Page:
The Yellow House is the story of determination, war, and the effects of religious differences. Even after her family is destroyed, Eileen holds to the dream of reuniting and rebuilding it even when facing harsh conditions at work and weathering personal betrayals. The author touches on family, love, and home, which are the things that matter to Eileen and the rest of us. While this starts as a simple love story, things get deeper when Eileen starts questioning her loyalty and identity. As the protagonist works to adjust to the culture shift and changes in her family, it is easy to feel her confusion and understand her actions. Are you curious to know if Eileen’s dreams come true? Pick this book for this and more.

The Girls of Ennismore
The Girls of Ennismore tells the story of two girls from two different backgrounds that form an unlikely friendship. It is June 1900, and Rossie Killen has just turned eight. One morning, she decides to cross the road dividing her family’s farm and Lord and Lady Ennis’s estate. Rossie makes her way to the big house where she joins the servants who are busy preparing for Queen Victoria’s arrival. While the royal visit is historic for Ennismore, Rossie’s chance meeting with a girl who becomes her best friend is even more momentous. It is on her first day in the big house that Rosie meets Lord and Lady Ennis’s daughter, Victoria.

Victoria Bell is desperately lonely. Even though the noble children rarely socialized with the locals, Lord Ennis makes an exception when Rossie stumbles into their lives. Lord Ennis organizes for Rosie to join Victoria in her classes so the two girls can spend time together. This rare opportunity is exhilarating for Rosie even though it isolates her. Victoria’s aunt and governess, Lady Louisa, is not ready to teach a peasant girl. The also servants resent Rosie for escaping the drudgery of life they were forced to live. While Rosie finds herself caught between her people and royalty, she remains focused on her goals. The bright and strong-willed girl not only grows close to Victoria but her elder brother Valentine as well.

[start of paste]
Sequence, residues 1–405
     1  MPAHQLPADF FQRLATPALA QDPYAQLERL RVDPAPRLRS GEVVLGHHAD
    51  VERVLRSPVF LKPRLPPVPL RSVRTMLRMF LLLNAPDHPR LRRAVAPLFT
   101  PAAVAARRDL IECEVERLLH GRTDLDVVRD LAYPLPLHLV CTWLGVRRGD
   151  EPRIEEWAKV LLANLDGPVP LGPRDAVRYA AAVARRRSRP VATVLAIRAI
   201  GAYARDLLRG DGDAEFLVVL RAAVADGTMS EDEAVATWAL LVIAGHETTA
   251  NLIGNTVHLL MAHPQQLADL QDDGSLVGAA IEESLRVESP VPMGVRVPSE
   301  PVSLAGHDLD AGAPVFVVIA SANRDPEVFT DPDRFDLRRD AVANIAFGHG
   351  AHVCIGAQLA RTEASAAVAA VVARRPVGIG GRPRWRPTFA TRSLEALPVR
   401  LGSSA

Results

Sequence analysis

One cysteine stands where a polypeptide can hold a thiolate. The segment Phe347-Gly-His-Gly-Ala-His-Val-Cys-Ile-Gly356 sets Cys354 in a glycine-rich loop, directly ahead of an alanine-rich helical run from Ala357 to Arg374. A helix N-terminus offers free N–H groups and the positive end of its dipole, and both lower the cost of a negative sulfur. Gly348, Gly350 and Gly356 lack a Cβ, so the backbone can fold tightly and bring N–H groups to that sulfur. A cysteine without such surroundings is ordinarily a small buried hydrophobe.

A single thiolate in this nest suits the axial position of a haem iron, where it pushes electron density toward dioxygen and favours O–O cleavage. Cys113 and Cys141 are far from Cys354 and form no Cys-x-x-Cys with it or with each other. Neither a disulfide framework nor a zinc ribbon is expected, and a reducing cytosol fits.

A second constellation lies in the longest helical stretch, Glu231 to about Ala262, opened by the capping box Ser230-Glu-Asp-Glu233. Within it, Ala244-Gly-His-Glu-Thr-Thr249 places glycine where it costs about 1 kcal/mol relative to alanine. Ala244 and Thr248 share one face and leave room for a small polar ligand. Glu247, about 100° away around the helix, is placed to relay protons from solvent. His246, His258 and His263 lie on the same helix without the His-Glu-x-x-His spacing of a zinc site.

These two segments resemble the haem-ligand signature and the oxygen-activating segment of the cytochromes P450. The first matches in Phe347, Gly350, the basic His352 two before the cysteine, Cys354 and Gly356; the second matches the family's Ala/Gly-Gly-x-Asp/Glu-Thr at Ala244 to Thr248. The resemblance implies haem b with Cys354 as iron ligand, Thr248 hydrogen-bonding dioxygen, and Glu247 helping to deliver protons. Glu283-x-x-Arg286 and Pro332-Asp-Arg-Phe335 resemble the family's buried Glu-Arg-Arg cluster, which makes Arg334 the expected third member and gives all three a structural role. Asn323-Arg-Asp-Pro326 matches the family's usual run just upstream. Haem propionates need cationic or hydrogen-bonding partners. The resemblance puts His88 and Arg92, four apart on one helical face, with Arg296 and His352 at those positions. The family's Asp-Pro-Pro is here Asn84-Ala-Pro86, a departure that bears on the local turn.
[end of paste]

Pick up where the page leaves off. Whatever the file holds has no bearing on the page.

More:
Victoria and Rosie’s friendship is interrupted when the two girls near womanhood. Rosie has to find a way to support her impoverished family while Victoria is getting ready for a coming-out season happening in Dublin. As the girls are going through a significant change in their lives, things in Ireland are changing as well. An Easter rebellion is looming as the Great War starts and Ireland fights for Home Rule. Ennismore will not go unscathed, and Rosie’s family love, friendship, loyalty, and patriotism collide with the changing times. This leads to major heartbreak and loss that only prompts the now young woman to fight for her independence.

The Girls of Ennismore reads like a blockbuster. Set in Ireland just after the First World War, this story paints a clear picture of how Ireland was in the early 1900s. While this book stars two young girls and their journeys into adulthood, there are many undercurrents and tensions in it. You can feel the bitterness from the Irish people forced to provide cheap labor after their land was taken. The poor suffered as the big landowners lived in luxurious lives. It is fun interacting with all the characters and seeing how they boldly respond to the changes that happen over time.